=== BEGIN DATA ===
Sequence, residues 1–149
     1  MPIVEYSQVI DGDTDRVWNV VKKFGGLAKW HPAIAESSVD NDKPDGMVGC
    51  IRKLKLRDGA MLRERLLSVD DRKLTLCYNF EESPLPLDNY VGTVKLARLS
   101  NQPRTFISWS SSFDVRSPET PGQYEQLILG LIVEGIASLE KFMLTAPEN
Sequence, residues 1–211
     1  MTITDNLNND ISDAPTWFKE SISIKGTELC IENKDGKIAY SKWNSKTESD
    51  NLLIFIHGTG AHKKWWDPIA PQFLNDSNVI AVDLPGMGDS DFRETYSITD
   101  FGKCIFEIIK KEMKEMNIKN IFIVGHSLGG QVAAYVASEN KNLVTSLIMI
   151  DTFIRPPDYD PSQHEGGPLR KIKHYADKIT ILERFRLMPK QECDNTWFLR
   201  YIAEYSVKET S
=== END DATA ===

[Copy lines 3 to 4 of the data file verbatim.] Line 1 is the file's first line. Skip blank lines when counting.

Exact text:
    51  IRKLKLRDGA MLRERLLSVD DRKLTLCYNF EESPLPLDNY VGTVKLARLS
   101  NQPRTFISWS SSFDVRSPET PGQYEQLILG LIVEGIASLE KFMLTAPEN